As one who played tennis for many years and watched championships for decades, I must say I have never seen one like yesterday’s Women’s final at the US Tennis Open.
In any sport there are rules and regulations. There are contentious moments and days of grandeur but in the end the cliché that “it’s not about winning, but how you play the game,” still holds true.
In the past, players would rant and rave, scream at umpires and throw rackets. Some more than others depending on their temperaments. They displayed themselves in questionable performances or meltdowns of anger and hurt. Often they were cited for violations and sometimes fined as they should be. These outbursts of emotions from top seeded tennis pros would draw crowds filling stadiums to witness such shows of passionate athleticism but it doesn’t excuse their behavior.
Sadly, it has become the victimization of players who get offended by umpire calls and cited for their blistering tirades on the court that screams at the validity of the game. Calling into question are also the umpires who have personal issues with certain players along with whether or not they nitpick rules in different matches. The job is one that comes with recognition but should be scrutinized carefully. Umpires should be fair to all.
Bias of sportscasters of one athlete over all the other players has become as bad as the media in politics. It only adds to the fury of hate and the loss of the Champion in waiting; and that was definitely the case these last 2 weeks.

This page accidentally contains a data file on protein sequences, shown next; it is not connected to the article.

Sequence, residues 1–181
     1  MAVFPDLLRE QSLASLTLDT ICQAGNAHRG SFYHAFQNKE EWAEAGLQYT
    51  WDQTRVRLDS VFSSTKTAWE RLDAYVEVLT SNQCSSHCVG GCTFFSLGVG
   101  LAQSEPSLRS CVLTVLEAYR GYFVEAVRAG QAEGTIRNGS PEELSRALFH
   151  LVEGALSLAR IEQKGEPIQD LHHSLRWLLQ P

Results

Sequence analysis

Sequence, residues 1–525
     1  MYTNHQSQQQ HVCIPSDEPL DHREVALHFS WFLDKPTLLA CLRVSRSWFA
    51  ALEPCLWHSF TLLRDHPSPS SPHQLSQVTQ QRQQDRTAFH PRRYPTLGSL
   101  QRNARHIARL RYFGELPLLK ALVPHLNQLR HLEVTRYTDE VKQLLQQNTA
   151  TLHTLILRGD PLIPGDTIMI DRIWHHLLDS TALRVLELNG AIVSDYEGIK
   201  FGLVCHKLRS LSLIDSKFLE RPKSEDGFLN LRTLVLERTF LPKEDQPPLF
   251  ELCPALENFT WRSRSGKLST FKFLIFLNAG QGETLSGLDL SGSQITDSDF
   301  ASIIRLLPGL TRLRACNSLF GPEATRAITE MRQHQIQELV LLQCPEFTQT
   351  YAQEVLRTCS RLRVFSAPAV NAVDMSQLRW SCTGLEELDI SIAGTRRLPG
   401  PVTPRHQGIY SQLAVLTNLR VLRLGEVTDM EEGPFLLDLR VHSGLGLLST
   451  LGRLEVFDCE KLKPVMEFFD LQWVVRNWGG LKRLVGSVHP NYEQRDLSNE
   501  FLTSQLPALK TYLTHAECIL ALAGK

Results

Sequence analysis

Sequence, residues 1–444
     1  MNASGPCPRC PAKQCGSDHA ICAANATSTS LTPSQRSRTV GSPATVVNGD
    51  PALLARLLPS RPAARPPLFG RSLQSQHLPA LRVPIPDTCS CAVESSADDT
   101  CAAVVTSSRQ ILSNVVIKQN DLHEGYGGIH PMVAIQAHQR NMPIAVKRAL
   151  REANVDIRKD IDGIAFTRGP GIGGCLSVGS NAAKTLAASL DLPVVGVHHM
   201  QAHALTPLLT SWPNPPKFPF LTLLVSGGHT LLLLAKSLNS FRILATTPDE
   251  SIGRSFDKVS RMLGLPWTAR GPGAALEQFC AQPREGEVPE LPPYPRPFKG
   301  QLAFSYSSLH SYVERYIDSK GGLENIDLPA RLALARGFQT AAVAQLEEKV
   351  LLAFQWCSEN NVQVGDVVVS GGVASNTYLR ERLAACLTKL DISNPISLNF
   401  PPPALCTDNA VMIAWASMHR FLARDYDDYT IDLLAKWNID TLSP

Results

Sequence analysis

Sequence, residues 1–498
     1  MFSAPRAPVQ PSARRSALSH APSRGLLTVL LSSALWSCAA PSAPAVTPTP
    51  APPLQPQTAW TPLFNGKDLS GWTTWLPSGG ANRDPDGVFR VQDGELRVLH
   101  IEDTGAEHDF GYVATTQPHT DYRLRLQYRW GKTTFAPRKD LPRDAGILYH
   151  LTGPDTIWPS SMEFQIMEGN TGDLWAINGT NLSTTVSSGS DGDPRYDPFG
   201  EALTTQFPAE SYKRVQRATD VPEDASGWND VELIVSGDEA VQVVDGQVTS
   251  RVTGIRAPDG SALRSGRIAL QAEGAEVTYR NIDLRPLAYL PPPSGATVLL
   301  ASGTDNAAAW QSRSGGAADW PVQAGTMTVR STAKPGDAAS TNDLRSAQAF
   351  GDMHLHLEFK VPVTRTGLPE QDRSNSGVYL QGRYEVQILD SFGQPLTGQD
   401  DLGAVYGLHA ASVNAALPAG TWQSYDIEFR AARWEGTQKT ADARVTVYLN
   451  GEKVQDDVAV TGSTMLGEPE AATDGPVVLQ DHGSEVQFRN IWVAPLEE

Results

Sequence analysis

Of course there are discriminating facts between the sexes. It isn’t right, but shouldn’t be given into the debate of one player over another simply because of their accomplishments, fame and fortune. No one is above the rules especially as technology today can reveal exact spots the tennis ball lands and film crews can video tape unauthorized activities of those involved with the players during a match.
Everyone is responsible for how they act on and off the court. In this day and time the authors of entitlement have declared war on others because they believe they deserve to be treated differently and receive that which doesn’t belong to them, no matter what. That goes for players, coaches and umpires alike.
Forget competition as an incentive; the master of greed and offense has taken over.
What started out as an exciting, and anticipated great Championship match ended up being all about victimization that literally stole the greatest moment in a 20 year old girl’s life.
As she stood on the sidelines waiting and watching, her years of hard work and labor were swept under the rug of a diminished culture set on an “it’s all about me” syndrome. Tears streaming down her face should have been tears of joy for becoming the first Japanese woman to ever win a Grand Slam tournament. Instead they were tears overshadowed by shameful disputes that should have been determined peacefully and quickly to the point of being settled off the court in private even if the match needed to be paused.
As an American citizen and one who loves the game of tennis Naomi, I apologize that you were exposed to such reprehensible inefficiency. The USTA needs some strong lessons in court management so that this kind of disorganization never happens again.
I commend and congratulate you, Naomi Osaka for your mature, quiet and graceful conduct in the midst of a tumultuous scene. You truly are the real Champion.